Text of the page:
LANSING, Mich. (WLNS) — A group of GOP pro-gun lawmakers is considering legislation to prohibit the State Capitol Commission from banning weapons in the state Capitol building, including concealed weapons that some lawmakers want to carry onto the House and Senate floors.

About 25 members of the House and Senate Second Amendment Caucus held a private Zoom session last night. They believe the Michigan State Capitol Commission overstepped its authority by proposing a weapons ban in the Capitol building.

The chair of the Second Amendment Caucus argues the commission was originally established by the Legislature to make decisions only about maintaining the building inside and out, and that the panel was not authorized to make political decisions like a weapons ban.

The Republicans argue that the power rests only with the Legislature.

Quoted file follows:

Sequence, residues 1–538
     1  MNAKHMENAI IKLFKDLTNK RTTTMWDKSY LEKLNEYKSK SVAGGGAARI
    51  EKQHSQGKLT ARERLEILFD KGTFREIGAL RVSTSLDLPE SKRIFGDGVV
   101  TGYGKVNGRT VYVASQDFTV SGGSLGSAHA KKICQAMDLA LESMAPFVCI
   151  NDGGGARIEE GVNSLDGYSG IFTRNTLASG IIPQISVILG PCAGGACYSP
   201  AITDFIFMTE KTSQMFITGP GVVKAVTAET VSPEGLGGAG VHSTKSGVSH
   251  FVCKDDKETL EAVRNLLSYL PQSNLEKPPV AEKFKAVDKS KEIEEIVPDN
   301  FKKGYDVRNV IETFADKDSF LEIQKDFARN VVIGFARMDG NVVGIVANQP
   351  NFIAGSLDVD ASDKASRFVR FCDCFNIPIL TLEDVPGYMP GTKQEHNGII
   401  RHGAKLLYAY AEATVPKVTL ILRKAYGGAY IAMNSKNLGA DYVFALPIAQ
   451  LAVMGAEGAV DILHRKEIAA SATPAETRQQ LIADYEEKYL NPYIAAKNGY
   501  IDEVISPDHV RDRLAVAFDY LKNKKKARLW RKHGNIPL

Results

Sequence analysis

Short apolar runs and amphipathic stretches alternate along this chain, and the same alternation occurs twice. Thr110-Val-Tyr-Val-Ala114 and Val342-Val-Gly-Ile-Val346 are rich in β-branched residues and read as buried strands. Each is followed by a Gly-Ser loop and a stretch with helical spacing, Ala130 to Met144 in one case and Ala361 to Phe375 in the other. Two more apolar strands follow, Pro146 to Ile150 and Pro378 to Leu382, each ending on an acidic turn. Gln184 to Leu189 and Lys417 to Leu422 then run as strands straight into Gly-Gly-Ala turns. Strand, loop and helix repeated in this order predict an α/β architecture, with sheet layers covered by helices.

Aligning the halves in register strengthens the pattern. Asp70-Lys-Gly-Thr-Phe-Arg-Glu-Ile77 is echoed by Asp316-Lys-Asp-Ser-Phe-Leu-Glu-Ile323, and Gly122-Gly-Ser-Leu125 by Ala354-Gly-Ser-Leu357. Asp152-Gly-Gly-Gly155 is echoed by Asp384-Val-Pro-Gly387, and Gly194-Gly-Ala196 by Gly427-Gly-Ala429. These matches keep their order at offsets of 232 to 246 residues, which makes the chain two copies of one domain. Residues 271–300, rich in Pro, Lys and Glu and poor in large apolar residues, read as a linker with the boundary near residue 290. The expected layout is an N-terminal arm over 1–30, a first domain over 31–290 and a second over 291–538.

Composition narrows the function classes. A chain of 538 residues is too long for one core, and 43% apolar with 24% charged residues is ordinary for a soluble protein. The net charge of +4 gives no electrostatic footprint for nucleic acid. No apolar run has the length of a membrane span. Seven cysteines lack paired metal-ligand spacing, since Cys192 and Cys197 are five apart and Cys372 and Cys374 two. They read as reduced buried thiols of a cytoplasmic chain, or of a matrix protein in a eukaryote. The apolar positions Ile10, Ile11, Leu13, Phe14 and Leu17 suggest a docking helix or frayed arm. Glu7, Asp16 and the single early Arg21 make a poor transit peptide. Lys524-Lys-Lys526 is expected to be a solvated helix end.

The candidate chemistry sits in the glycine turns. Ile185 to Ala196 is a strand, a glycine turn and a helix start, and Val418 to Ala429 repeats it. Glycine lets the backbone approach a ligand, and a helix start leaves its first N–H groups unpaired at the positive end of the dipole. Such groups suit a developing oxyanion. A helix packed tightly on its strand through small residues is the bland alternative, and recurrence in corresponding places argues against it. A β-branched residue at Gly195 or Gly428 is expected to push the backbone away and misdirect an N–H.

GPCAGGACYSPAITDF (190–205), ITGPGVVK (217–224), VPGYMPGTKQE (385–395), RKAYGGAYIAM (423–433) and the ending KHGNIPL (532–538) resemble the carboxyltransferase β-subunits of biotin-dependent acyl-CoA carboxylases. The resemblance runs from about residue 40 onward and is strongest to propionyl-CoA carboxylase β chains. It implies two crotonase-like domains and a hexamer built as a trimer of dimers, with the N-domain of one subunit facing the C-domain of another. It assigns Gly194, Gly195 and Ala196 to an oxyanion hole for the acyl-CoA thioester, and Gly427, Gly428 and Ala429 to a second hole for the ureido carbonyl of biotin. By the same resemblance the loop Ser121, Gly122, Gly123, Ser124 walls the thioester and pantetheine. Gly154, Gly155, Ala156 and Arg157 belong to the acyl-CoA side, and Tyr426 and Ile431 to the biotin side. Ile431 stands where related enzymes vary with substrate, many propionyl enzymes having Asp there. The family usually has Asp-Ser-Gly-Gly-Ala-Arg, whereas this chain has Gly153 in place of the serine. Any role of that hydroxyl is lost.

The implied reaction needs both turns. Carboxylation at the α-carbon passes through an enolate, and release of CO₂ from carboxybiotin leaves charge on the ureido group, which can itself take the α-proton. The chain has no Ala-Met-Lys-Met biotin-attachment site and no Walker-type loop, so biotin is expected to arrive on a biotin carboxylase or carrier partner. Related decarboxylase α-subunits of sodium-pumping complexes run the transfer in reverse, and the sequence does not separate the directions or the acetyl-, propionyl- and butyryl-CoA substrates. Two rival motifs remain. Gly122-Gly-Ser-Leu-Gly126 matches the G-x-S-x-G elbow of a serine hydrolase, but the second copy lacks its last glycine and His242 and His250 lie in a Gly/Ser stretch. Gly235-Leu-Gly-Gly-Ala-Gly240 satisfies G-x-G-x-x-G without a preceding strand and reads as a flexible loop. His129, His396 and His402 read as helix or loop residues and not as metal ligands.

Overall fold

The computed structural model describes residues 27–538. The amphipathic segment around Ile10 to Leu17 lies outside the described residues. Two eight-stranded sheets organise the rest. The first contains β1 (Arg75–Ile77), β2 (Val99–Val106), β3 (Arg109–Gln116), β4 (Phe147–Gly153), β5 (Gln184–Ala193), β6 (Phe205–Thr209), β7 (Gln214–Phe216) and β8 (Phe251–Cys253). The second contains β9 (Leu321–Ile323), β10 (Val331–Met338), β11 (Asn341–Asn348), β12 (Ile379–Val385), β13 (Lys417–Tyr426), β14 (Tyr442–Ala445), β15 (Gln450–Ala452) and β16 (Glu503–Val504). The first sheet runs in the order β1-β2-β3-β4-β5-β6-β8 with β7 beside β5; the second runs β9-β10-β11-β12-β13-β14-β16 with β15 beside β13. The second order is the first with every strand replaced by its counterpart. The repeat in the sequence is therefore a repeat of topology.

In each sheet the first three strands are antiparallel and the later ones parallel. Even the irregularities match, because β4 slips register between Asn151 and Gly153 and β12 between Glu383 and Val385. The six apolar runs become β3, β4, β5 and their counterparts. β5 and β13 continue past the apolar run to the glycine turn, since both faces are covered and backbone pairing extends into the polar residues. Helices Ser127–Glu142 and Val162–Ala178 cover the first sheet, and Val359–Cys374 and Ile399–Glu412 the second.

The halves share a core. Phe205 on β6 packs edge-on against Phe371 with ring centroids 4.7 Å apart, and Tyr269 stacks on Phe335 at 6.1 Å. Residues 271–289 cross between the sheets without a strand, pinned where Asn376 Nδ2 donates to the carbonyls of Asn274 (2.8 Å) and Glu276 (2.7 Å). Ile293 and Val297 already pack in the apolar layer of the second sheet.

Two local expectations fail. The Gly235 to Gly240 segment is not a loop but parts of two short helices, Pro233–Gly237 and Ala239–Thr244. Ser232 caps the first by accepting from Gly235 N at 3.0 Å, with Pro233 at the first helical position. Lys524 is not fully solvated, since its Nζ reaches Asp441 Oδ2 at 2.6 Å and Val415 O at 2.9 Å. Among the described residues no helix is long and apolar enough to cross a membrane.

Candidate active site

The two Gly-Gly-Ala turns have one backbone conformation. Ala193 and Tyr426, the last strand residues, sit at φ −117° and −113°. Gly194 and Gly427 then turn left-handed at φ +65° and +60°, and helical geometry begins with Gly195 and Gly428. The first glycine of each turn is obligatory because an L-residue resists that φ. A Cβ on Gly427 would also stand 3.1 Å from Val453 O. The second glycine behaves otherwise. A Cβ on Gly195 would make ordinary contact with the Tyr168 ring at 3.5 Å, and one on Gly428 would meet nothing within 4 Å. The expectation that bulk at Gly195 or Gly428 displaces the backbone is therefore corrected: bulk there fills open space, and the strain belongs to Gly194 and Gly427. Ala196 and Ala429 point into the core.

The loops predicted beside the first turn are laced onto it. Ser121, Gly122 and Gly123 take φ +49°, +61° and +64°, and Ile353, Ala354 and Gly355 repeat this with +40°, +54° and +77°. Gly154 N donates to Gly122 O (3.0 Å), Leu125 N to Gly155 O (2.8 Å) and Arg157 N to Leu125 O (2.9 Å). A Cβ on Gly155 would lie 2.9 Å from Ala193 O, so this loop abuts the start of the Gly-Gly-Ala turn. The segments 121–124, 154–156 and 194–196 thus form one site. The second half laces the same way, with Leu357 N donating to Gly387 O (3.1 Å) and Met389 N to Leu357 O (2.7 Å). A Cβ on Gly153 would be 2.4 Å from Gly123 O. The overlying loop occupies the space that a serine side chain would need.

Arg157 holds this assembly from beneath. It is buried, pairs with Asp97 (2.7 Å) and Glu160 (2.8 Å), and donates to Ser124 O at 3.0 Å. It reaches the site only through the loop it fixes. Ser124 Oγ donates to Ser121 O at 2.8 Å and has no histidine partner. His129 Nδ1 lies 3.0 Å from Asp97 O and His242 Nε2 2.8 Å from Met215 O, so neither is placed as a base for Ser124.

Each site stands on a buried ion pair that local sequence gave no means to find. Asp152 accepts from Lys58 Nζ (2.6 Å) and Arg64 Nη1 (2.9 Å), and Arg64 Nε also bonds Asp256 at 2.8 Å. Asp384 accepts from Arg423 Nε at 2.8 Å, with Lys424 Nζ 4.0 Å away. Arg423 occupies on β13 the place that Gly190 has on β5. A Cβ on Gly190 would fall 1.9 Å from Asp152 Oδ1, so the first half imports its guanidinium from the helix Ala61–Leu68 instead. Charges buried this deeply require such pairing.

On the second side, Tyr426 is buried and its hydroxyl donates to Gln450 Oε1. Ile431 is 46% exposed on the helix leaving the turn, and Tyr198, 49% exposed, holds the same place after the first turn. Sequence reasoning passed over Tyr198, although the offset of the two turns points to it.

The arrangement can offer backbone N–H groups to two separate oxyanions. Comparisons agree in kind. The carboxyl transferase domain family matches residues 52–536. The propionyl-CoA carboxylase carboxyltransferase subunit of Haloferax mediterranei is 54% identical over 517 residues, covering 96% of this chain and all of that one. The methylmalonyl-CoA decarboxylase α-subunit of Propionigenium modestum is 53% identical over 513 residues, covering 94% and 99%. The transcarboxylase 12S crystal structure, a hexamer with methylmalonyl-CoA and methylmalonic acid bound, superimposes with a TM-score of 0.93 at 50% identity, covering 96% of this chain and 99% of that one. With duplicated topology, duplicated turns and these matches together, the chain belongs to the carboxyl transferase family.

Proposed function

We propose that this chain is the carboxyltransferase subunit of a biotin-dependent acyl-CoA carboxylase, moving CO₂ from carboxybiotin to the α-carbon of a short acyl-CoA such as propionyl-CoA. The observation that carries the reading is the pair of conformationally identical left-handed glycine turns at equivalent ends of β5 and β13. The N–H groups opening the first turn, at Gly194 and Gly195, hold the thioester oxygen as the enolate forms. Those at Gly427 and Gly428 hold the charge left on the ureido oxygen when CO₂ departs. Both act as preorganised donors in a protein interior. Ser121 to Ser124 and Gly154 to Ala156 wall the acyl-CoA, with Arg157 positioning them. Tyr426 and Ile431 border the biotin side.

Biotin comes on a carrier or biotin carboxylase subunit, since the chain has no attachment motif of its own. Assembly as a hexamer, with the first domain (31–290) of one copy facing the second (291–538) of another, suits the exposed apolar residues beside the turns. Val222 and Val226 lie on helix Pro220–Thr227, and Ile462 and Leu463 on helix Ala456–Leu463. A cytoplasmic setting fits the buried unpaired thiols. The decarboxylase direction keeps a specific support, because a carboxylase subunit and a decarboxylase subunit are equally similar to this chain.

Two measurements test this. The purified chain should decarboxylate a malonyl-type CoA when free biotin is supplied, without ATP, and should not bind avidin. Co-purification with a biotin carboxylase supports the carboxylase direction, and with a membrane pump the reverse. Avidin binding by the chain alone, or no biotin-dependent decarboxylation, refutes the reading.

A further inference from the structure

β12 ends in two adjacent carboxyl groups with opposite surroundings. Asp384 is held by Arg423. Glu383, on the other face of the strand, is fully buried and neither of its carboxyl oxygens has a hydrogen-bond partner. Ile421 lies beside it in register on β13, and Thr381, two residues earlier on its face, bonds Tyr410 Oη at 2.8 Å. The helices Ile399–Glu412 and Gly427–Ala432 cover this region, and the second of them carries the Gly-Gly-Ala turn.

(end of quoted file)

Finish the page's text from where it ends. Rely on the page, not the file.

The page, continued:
“The Legislature created the Capitol Commission and put in there exactly what the Capitol Commission was for, and then we had the Attorney General come in and expand that for political purposes,” said Rep. Phil Green (D-Millington), Chair of the Second Amendment Caucus.

“It seems like the Capitol Commission was hijacked,” Green said.

The commission has ordered the installation of pass-through devices to nab would-be gun carriers before they get inside the building.

“We don’t believe it is the right of the state or this Capitol Commission to do that.”

The commission originally decided that lawmakers with concealed weapons permits would be banned from bringing them onto the floor, but now it appears that the commission might lift that restriction.

But even if it does that, Green believes all these decisions should be made by lawmakers who are elected by the citizens, rather than an appointed Commission.

“Doing stuff through a commission stifles debate and takes the voice of the people out of the discussion and now, because a party won control, it gets to jam through whatever they want,” said Green.

But to remove power from the Commission, the Republicans need Democratic votes.

As Michigan Attorney General Dana Nessel ruled the Capitol Commission has the authority to instate the weapons ban, Green and his colleagues may have to go to court to take that power away.